The daughter of Pharaoh came down to bathe at the river, while her attendants walked beside the river. She saw the basket among the reeds and sent her maid to bring it…When the child grew up, she brought him to Pharaoh’s daughter, and she took him as her son. She named him Moses, “because,” she said, “I drew him out of the water.”
Exodus 2:5, 10 (NSRVCE)
There is something we love in stories about a special child, especially when that child is abandoned in order to be saved. The most recent example is, of course, Harry Potter whom Dumbledore leaves with his Muggle aunt and uncle in order to protect the boy from Voldemort and his followers. The theme is recurring, even in the comics. Cal-El is abandoned to Earth in an effort to save him from the destruction of his home planet. He grows up Clark Kent from Smallville, Kansas to become Superman.
In the Great Story, this is also a recurring theme. Joseph’s brothers abandon him into slavery and he eventually becomes the savior of the family. Hannah gives up her only child Samuel to the Temple and he becomes a great prophet and leader. With the incarnation, God the Father “gave his one and only Son” to become Savior of the world and to redeem all things.
In today’s chapter, I was struck by how much we are not told. The narrative moves fast and furious. It skips details and provides only the barest of story elements. In one chapter we go from “the child” (sentenced to die by Pharaoh’s birth control program for the Hebrew tribes) abandoned by his mother to become an adopted member of Pharaoh’s family, who commits murder in defense of one of his kinsmen, flees into another land and gets married.
One commentary I read this morning also mentioned this theme of “the child” (present even in ancient literature) and went on to observe that “Moses has ‘hero’ written all over him.”
The other important metaphor lost on many readers is the fact that Moses is so named by Pharaoh’s daughter because she “drew him out of the water.” This is yet another theme throughout the Great Story. Out of the water, Noah and his family are saved and given God’s promise in the rainbow. Out of the water, Jonah arrives in Ninevah to prophetically lead its citizens to repent. Out of the water, Paul arrives at Malta. Out of the water, Elisha miraculously proclaims his arrival as Elijah’s successor, and it is out the water turned to wine that Jesus miraculously signals the beginning of His ministry. Moses will eventually his people out of the water of the Red Sea towards the Promised Land. Out of the water of the Jordan River, Joshua will lead those people into the Promised Land. Out of the water of that same river, John the Baptist will lead people to repentance and proclaim Jesus the Messiah. It is out of the water of baptism that followers of Jesus are metaphorically washed of sin and set on the path of new life in the footsteps of Jesus. It is out of the water of life Jesus promises to give His followers that a thirsty soul is eternally quenched:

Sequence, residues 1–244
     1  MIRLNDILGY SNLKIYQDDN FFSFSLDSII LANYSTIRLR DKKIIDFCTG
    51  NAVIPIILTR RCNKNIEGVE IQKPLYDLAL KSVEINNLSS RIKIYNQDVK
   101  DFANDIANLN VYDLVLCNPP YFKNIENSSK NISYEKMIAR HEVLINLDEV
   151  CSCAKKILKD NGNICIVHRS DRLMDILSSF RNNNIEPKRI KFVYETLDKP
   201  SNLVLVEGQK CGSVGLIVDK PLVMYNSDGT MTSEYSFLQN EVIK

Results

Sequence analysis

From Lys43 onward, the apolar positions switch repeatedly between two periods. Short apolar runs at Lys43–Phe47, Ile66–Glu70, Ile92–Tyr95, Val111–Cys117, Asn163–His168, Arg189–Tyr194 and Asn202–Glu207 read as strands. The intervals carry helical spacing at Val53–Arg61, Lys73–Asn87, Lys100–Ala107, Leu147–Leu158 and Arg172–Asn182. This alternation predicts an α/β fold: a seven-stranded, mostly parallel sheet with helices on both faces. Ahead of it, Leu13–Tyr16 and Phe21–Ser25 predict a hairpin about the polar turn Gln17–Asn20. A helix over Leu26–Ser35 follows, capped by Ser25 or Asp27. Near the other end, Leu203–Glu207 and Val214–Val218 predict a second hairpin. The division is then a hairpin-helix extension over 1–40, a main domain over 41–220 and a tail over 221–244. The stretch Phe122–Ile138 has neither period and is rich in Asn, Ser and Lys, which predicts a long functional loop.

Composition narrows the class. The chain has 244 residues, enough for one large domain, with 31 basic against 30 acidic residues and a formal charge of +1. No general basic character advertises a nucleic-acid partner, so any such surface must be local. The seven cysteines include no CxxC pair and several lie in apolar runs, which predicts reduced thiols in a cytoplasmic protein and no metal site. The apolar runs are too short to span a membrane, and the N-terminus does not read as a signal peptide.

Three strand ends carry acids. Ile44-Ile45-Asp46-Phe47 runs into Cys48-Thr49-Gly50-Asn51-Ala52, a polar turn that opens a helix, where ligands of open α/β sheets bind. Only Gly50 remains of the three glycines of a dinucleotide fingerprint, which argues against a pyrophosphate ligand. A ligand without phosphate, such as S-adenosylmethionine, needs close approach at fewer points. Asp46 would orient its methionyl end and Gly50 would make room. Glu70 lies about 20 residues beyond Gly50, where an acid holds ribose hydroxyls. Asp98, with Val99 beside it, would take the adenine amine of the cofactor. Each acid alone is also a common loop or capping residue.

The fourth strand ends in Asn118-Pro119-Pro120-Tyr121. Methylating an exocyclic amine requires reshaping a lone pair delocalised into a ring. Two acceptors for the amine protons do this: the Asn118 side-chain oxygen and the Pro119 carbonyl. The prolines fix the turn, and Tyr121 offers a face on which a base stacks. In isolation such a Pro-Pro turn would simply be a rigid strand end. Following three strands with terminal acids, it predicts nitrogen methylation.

“Everyone who drinks this water will get thirsty again and again. Anyone who drinks the water I give will never thirst—not ever. The water I give will be an artesian spring within, gushing fountains of endless life.”John 4:19 (MSG)
In the quiet this morning, I find both my mind and my soul spinning as I think about all the themes and meaning present in the few verses of the chapter. I didn’t even mention the theme of fleeing into the wilderness, the fact that the Midianite people to whom Moses flees are also children of Abraham, nor the fact that Moses’ father-in-law is a “priest” even though the “priesthood” of God had yet to be defined through the law of Moses. Evidence suggests that the Midianites tribes were worshipping the God of Abraham but we know nothing about it or what that really meant.
Yet, I find myself coming back to the theme of water. It is something so essential to life, and yet for most of us, it is something we so take for granted that we don’t even give it a second thought. Along the journey, I have often found that the profound things of God are often quite simple, and hidden in plain sight for “those who have eyes to see.” I’m reminded of another thing Jesus said:
“We are intimately linked in this harvest work. Anyone who accepts what you do, accepts me, the One who sent you. Anyone who accepts what I do accepts my Father, who sent me. Accepting a messenger of God is as good as being God’s messenger. Accepting someone’s help is as good as giving someone help. This is a large work I’ve called you into, but don’t be overwhelmed by it. It’s best to start small. Give a cool cup of water to someone who is thirsty, for instance. The smallest act of giving or receiving makes you a true apprentice. You won’t lose out on a thing.”Matthew 10:42 (MSG)
A cup of cold water to someone who is thirsty.
“Out of the water….”